One such asset being studied is the municipally owned 166 acres of land known as Jack Murphy Field, which is currently the site of Qualcomm Stadium and one of the country's largest parking lots. The San Diego International Sports Council made a presentation to the Chargers task force last week that was intended to generate discussion on the value of football in San Diego, and to suggest a concept for optimizing the use of the Jack Murphy asset. From the comments by the task force members and the resultant media coverage, the Sports Council accomplished its goals -- and then some.

The plan included a mixed-use development, with retail, affordable housing, hotel rooms, a tiered parking structure, other commercial uses, and a football stadium for use by the Chargers, the San Diego State Aztecs, the Holiday Bowl, the Gold Coast Classic, and CIF (High School) Championship games. Based upon the estimates of the professional consultants that assisted in preparation of the Sports Council concept, $15 million to $17 million of revenue could be generated each year following development, with little or no cash outlay by the city.

The concept was not a final proposal, but rather a starting point for reasonable people to discuss a potential use of this public asset. The Sports Council welcomes constructive comments on the plan and intends to work with the task force and others to further develop this plan or any others that are introduced into the process.

In order to make an informed and rational decision on the use of this asset, we need reasoned ideas. What we do not need, and must not allow to interfere with the public process, is a constant barrage of negativism from those who do not have the courage to propose an alternative.

As a region, we allowed the naysayers to delay the construction of the downtown ballpark for more than two years. They continually ridiculed the claims of the Padres that the project would be more than a ballpark, and would be the impetus for the revitalization of a portion of downtown San Diego. Today, all one needs to do is spend a few minutes downtown to recognize the ignorance of their attestations. The ballpark is nearing 50 percent completion and the revitalization of downtown is a source of civic pride.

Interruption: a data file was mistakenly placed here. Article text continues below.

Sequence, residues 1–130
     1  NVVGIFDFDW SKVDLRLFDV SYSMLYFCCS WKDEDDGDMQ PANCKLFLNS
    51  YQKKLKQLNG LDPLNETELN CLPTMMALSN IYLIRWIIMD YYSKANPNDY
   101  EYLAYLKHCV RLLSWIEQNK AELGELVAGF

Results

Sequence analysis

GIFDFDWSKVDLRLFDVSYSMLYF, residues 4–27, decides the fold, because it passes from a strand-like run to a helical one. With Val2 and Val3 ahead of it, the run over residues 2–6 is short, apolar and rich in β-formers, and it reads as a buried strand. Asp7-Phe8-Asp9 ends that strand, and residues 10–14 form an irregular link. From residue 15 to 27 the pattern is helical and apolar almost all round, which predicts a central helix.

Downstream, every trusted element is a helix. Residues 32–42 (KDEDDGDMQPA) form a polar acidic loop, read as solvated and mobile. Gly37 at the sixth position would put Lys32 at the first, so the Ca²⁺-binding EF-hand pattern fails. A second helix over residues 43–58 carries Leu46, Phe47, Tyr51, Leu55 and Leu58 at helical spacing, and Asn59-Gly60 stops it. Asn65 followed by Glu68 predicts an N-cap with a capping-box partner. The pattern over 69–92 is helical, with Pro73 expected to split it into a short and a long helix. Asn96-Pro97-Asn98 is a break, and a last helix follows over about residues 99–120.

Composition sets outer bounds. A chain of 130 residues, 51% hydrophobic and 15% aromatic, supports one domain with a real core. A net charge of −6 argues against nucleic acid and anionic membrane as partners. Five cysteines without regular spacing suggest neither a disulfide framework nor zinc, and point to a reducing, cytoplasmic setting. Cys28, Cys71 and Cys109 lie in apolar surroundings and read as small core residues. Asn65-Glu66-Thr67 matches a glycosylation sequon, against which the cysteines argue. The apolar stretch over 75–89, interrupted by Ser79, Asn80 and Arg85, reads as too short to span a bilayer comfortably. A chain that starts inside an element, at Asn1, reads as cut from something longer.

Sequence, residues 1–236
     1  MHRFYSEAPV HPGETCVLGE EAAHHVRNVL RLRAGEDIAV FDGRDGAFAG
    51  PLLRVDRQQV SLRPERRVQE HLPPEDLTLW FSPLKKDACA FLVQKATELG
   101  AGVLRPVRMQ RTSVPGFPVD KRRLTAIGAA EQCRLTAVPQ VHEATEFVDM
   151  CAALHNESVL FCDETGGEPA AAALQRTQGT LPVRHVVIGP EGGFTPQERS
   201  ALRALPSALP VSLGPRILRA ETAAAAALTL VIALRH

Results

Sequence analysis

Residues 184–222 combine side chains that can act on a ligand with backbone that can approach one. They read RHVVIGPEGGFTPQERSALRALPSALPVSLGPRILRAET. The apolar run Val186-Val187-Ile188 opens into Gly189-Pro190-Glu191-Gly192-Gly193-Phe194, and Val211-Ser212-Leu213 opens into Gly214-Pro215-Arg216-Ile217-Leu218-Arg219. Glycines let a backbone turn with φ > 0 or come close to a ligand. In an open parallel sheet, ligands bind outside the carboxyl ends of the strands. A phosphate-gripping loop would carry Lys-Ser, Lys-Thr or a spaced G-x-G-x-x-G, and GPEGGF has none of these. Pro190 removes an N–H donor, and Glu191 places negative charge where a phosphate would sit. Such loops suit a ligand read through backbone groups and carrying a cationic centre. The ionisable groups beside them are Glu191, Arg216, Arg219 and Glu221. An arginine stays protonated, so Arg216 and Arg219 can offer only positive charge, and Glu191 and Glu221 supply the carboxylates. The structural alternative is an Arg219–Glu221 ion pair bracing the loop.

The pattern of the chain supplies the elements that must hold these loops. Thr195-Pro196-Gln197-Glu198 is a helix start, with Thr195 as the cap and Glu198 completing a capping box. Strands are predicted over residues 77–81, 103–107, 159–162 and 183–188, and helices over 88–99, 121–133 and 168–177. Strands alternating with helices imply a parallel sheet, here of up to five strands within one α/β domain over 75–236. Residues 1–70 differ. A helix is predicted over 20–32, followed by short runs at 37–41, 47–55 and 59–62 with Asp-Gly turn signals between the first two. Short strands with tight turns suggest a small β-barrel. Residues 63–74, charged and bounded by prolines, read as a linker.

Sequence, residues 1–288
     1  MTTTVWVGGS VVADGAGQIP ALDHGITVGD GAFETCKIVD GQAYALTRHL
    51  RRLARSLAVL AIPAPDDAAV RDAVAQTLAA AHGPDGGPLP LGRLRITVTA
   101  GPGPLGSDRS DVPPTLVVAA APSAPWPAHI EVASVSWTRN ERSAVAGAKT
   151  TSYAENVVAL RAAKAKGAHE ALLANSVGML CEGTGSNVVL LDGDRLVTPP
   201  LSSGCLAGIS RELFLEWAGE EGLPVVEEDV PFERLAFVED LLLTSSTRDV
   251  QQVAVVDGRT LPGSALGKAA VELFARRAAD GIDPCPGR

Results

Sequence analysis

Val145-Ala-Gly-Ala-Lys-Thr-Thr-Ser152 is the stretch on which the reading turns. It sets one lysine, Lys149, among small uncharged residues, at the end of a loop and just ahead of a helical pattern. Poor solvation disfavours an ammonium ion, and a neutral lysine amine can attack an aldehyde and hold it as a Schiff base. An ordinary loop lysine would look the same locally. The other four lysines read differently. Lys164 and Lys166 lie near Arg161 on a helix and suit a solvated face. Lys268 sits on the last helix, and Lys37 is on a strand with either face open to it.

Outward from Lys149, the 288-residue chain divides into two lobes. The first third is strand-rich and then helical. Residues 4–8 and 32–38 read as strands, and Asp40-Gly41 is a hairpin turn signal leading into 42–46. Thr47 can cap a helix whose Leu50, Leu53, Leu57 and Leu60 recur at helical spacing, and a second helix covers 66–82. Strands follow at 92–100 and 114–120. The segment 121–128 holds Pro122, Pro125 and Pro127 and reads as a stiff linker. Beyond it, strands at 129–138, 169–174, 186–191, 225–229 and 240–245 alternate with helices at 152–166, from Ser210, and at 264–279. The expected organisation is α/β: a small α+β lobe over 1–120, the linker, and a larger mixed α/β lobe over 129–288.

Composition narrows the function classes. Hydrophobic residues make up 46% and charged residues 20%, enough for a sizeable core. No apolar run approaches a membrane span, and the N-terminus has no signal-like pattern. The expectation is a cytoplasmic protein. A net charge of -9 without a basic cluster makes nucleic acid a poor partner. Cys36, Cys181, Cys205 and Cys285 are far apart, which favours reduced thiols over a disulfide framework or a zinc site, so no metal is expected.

Responsible business and public interest organizations, including the Sports Council, the Chamber, the Economic Development Corporation, and the Convention and Visitors Bureau, will continue to promote ideas and discourse on ways to address our infrastructure and other issues in the San Diego region. Do we have all the answers? No -- in fact, we don't even know all the questions. Do we welcome a public debate of ideas? Yes.

We challenge the public to demand that all parties -- including reporters, lawyers, elected officials (erstwhile or aspiring), and representatives of civic organizations -- not merely criticize the ideas of others, but rather come forward with their own proposals. If one is not interested in optimizing the value of a particular asset, what is the plan for optimizing another asset? Alternatively, which current expenditures should be cut or which taxes should be increased?

To paraphrase Teddy Roosevelt, one does not participate by standing outside and criticizing those in the arena -- you must bring constructive ideas and be prepared to debate them in a reasonable manner. We have significant challenges facing our region and we need to work together to meet them. We can no longer tolerate delays and obstructions -- we must eliminate the influence of doom and gloomers among us.